Thankyou for this post. We’re subsistence farmers and have been for a while. We have gone it alone and very much desire community. I don’t know where to begin to find that.
I hear that Nancy. We are micro homesteaders living in a skoolie and gardening, learning and producing more of our own food and supplies as time rolls on. We change locations every so often within our state and stay close to our family, but still have such a strong desire to know other like minded people. Just to sit and have a conversation over coffee and talk about the season would be so nice! Sharing a meal, or extra harvest… I can see it and feel it, and have even thought of posting a wanted ad on Craigslist! (No socials for us). Praying something gives for us and you soon. If anyone is in SE PA- holler!
Riegelsville pa here!!!
I grew up on a homestead in Southern Maryland. I believe my friends considered us poor but in reality we were rich in knowledge and close to Lord.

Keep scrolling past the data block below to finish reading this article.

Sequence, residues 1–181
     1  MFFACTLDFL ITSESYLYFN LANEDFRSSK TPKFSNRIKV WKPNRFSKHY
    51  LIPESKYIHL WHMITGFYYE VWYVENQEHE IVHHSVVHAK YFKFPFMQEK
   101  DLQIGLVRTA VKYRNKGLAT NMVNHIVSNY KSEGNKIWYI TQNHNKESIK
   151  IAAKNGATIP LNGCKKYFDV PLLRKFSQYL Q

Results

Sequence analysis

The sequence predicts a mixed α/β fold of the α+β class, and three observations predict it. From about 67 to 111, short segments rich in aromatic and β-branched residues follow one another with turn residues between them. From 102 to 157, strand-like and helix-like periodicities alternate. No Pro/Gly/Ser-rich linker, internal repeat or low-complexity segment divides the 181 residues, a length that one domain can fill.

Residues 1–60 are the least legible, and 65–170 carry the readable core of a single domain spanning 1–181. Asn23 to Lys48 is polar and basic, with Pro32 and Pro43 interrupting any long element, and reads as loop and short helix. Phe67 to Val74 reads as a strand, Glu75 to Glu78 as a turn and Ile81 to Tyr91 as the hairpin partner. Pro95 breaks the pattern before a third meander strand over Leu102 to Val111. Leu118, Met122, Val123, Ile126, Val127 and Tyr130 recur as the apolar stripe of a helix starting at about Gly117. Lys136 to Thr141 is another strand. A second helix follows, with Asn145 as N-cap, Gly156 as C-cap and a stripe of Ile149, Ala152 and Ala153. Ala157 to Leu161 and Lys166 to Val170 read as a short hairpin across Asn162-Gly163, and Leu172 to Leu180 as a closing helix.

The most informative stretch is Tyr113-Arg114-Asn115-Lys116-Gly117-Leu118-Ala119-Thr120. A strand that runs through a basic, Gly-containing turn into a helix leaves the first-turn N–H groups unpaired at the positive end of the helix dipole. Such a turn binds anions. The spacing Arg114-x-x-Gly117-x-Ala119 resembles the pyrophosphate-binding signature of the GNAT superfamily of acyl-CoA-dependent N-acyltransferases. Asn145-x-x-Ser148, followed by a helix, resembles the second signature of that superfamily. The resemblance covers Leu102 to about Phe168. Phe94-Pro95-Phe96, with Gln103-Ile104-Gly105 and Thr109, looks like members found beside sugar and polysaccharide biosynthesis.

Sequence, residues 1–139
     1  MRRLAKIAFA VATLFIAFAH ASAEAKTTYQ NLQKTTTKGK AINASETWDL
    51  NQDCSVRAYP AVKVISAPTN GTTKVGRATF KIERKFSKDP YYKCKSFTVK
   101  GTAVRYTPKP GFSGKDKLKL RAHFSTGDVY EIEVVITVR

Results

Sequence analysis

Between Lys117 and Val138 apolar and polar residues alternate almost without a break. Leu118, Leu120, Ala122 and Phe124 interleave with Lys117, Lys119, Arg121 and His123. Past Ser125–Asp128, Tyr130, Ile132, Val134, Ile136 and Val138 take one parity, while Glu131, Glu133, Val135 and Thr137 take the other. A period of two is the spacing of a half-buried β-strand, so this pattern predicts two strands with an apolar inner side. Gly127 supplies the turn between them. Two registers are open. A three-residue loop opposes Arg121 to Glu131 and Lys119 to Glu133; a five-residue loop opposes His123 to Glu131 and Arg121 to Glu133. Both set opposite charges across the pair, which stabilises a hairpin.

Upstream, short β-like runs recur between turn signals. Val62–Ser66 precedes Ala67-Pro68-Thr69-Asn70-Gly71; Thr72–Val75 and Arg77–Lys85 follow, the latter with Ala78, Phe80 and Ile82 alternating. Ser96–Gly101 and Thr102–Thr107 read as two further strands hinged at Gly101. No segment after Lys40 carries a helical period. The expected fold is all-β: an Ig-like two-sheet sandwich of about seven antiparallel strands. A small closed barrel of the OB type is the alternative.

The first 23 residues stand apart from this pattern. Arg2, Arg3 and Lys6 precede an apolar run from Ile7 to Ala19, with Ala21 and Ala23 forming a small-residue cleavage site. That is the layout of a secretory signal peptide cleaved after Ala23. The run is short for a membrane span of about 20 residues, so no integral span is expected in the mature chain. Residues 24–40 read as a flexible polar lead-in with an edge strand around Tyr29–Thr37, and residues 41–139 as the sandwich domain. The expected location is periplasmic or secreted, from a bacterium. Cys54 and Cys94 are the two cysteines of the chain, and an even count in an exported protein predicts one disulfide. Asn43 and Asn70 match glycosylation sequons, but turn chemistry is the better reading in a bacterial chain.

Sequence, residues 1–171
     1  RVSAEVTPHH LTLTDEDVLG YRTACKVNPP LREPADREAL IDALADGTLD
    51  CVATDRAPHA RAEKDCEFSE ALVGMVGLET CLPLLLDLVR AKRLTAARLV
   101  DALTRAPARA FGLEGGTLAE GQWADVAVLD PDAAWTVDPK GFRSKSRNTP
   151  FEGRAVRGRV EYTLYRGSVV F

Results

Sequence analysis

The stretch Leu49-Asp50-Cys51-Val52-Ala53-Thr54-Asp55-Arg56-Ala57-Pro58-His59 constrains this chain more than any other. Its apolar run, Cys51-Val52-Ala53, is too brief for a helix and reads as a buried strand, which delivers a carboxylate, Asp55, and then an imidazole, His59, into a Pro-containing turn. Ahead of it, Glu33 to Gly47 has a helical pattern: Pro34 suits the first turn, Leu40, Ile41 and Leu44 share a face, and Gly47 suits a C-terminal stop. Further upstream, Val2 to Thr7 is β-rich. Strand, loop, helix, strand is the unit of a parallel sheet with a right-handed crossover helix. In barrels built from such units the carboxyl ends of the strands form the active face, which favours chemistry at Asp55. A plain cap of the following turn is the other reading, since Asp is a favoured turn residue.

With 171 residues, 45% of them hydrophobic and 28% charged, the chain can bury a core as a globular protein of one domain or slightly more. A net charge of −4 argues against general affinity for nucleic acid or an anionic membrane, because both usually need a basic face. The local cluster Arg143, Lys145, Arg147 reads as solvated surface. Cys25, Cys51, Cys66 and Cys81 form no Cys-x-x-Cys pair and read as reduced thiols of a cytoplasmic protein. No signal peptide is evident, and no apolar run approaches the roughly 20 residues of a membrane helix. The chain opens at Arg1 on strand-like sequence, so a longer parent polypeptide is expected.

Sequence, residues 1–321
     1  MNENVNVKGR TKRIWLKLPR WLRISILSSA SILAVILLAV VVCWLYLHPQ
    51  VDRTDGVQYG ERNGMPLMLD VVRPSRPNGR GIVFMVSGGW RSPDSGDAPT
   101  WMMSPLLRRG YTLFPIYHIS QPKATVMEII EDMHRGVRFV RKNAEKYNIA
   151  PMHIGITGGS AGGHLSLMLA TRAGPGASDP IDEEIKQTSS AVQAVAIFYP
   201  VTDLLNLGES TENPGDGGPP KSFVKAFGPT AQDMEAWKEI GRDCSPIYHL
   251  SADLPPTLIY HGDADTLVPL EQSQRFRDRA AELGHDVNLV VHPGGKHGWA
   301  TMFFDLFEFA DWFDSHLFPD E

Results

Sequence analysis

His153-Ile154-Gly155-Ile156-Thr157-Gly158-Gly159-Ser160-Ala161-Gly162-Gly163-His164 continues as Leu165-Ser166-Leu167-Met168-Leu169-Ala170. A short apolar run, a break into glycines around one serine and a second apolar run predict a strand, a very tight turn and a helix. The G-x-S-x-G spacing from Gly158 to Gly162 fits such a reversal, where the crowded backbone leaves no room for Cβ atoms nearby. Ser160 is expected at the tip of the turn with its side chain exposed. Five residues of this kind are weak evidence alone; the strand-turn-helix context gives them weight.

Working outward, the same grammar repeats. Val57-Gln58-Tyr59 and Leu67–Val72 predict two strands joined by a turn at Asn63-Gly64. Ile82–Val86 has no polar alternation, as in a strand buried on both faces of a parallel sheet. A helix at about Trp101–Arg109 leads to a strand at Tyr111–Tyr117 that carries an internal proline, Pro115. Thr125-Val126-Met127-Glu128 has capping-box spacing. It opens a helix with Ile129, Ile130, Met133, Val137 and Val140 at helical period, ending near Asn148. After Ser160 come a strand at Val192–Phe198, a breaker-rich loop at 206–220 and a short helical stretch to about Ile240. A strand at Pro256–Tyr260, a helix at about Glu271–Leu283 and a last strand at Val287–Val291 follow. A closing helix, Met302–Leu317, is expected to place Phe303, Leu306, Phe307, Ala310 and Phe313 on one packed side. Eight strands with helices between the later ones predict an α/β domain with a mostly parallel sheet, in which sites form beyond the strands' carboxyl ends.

My granny had farmed there from 1925-1979.The old farm house has a historical society place mark. Honestly it was the Best growing up life a kid could ever have. After we left the farm and moved to FL suburbs as granny was old and finally went home to the Lord. I yearned more and more to get back to my roots. I was 42 in 2007. I sold everything I had, quit my career and moved NE Alabama to Lookout Mtn and have never been happier. I’ve been growing most all my own food since 2014 and 2022 just about all of it nowadays. What a Blessing. The 08 crash happened and I was so glad to be here debt free. The funniest thing though was in 2015, I decided to type into the YT search bar “Homesteaders” and I couldn’t believe how many channels there were. I had thought that I was the only crazy lady who wanted to live this lifestyle. Lol Wow! How Awesome to know I’m not alone and that Homesteading had become popular. That was so Cool. Im one of those who doesn’t have community nearby. All the farmers nearby are way older than us with their whol families living near them. So there’s no one to share, barter with. I should start something in.my area. I am too lazy to start and manage a group on Facebook and who would I add anyways? I literally never met anyone around my area to help. Maybe someday.